Ohio may have not one, but two, medical marijuana issues on the 2012 ballot, according to the Columbus Dispatch. If either state constitutional amendment passes, Ohio will become the 16th state to permit medical marijuana usage as an alternative pain medication.
The Ohio Medical Cannabis Act of 2012 (OMCA) measure was approved for petition circulation by the Ohio Ballot Board on Wednesday. Results from an unscientific poll conducted on the Central Ohio newspaper's websites indicated that 85 percent of respondents support the ballot issues.
Here are some facts and figures about Ohio's medical marijuana ballot proposals:
* The Ohio Medical Cannabis Amendment of 2012 group has until July 6 to garner the 385,245 valid voter signatures to place the measure on the fall ballot, according to the Columbus Dispatch.
* Last fall the Ohio Ballot Board approved the Ohio Alternative Treatment Amendment for petition circulation. The proposals are very similar, according to the Dispatch. Both proposed amendments request altering the Ohio Constitution to permit marijuana usage by patients in chronic pain.
* Conditions which would qualify for the organic treatment method in both bills include Alzheimer's, spinal cord injuries, Parkinson's, arthritis, post-traumatic stress, Tourette's, epilepsy, sickle cell anemia, hepatitis C, cancer and AIDS, according to the OMCA website.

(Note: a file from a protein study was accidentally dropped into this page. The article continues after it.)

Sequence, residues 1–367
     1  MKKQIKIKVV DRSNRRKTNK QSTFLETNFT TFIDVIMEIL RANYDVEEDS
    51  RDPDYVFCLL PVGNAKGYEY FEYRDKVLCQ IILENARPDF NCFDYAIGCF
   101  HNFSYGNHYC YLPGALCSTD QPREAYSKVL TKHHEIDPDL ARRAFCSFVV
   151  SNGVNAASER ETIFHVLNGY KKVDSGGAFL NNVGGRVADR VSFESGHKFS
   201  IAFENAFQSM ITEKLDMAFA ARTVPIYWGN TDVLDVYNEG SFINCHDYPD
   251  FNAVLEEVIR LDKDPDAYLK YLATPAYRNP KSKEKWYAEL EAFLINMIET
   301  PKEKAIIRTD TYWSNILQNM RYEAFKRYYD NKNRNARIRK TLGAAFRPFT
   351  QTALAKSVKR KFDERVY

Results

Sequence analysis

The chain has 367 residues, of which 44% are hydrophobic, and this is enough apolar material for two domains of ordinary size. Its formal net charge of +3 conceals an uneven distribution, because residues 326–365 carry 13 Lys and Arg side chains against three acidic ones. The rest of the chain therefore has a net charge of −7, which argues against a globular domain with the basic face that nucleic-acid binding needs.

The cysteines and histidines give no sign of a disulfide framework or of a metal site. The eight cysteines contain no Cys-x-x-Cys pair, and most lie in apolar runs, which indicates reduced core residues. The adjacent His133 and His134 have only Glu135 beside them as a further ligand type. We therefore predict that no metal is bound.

* The Medical Cannabis Amendment does not place limits on the amount of marijuana an approved patient could grow or purchase. The regulation of marijuana usage amounts in the proposal would be determined later by regulatory commission, according to the organization's website.
* The Alternative Treatment Amendment seeks to include specific usage details in the Ohio Constitution as soon as the law is implemented. The amendment would permit an individual patient to possess 3.5 ounces of marijuana, says the organization's website. Marijuana sell or purchasing fees are also detailed in the amendment proposal. Licenses medical cannabis sellers could not operate within 1,000 feet of churches, recreation centers, schools or substance abuse treatment facilities.
* The Drug Free Alliance organization based in Columbus does not support either medical marijuana proposal. Executive Director Marcie Seidel told the Columbus Dispatch that medication approvals should not be a part of either a legislative or ballot issue. Seidel feels that the proper process should involve approvals solely by the Food and Drug Administration.
* The Ohio Cannabis Amendment supports creating a marijuana regulatory structure which mirrors the state's existing alcohol control laws. Both amendments require that approved patients be adults and have a valid prescription for the alternative organic medication, according to the OMCA website.
* The Ohio ballot issues may not be necessary if proposed federal legislation gains passage. A bill designed to end marijuana prohibition on a national level was presented for the first time, according to the Marijuana Policy Project website. If passed HR2306 would treat marijuana production, usage and sale in much the same manner as alcohol. The proposed legislation mirrors state medical compassion laws.